Today is the last day the Supreme Court will hear arguments concerning President Obama’s healthcare plan. After today, the nine justices will determine whether or not the Congress went beyond their constitutional powers by requiring all Americans to obtain health insurance by 2014, or pay penalties. All I know is that something must be done to make insurance more accessible to those who are unemployed or do not have employers who provide health insurance for their part-time or full-time employees. An ideal situation would be that an individual can get their regular check-ups yearly for free, and then if further treatments and medications are needed they can be easily obtained, without causing personal financial ruin.
Doctors and other medical professionals in this country are mostly in league with insurance and pharmaceutical companies, championing allopathic methods and medications all the way; there should be a major overhaul in this complicit, self-serving relationship to include holistic healthcare. In short, the whole concept of healthcare should be about serving patients’ best interests, not just getting rich off of them. I do not begrudge successful medical professionals their fancy cars, nice vacations, and the money spent on all of their other expenses, but I would feel that these perks would be even sweeter when they have been obtained by being advocates for their patients’ preventative care and overall well-being, rather than just helping out after they are sick. I am I idealistic? Perhaps, but I make no apologies about it.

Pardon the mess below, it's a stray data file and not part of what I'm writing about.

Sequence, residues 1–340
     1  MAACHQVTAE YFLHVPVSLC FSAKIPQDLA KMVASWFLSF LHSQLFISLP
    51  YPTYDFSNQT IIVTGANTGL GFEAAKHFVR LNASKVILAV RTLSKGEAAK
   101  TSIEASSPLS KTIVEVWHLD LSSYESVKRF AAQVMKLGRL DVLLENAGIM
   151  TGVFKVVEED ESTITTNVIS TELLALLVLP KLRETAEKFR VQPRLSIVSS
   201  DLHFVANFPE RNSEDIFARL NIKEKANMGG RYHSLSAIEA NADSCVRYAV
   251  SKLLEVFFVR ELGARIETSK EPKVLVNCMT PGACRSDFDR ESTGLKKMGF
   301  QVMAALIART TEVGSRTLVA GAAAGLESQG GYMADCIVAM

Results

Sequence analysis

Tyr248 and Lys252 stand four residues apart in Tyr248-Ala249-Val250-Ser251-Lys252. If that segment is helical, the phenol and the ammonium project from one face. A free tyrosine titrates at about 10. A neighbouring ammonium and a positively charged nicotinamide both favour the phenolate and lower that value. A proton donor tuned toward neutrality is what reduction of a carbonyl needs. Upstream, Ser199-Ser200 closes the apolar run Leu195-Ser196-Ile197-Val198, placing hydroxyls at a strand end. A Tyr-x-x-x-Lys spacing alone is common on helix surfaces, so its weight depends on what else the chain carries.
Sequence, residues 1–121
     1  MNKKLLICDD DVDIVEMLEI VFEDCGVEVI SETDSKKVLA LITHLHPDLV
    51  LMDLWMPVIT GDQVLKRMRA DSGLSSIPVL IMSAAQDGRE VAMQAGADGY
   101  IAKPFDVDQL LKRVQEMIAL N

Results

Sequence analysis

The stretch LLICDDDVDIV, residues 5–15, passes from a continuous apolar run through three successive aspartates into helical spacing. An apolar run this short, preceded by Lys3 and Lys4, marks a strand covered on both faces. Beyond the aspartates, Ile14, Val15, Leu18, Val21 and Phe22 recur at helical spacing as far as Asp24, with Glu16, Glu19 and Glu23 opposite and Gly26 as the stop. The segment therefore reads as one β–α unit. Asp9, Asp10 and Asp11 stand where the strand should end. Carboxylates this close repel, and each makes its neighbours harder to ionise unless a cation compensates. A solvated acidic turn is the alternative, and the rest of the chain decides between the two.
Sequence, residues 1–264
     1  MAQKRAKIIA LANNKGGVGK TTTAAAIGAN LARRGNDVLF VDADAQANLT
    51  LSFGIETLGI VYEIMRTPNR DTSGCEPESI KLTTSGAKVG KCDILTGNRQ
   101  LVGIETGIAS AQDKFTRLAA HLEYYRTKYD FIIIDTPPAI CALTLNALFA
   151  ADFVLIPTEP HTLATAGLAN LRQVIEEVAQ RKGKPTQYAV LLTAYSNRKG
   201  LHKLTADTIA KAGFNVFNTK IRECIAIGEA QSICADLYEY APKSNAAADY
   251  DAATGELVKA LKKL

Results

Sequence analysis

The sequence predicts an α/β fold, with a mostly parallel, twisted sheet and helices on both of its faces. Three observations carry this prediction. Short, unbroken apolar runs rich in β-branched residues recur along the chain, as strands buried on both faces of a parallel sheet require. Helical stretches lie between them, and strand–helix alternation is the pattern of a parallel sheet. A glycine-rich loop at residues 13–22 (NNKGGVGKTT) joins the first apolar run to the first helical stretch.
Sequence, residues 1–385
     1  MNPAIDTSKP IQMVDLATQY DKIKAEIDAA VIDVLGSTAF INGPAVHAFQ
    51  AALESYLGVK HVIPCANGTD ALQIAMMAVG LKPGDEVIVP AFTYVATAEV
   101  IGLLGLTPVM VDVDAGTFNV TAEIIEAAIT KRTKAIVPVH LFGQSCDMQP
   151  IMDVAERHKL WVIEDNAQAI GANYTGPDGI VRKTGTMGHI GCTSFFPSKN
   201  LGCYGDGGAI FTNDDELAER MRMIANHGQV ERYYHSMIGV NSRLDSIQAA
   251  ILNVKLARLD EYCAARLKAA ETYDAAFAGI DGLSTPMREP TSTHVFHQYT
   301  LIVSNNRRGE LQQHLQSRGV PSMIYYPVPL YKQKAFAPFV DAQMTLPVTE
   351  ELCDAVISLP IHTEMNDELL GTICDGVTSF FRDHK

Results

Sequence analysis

I am not a fan of certain aspects of President Obama’s health care plan. All I do know is that someone has to think about a better alternative and make it happen, because our current system is sorely lacking as well. What I do like about the plan is that it is about all Americans, regardless of their financial status and employment, or lack thereof. I look forward to hearing the Supreme Court’s ruling on the plan, so I will know how to proceed with my healthcare future.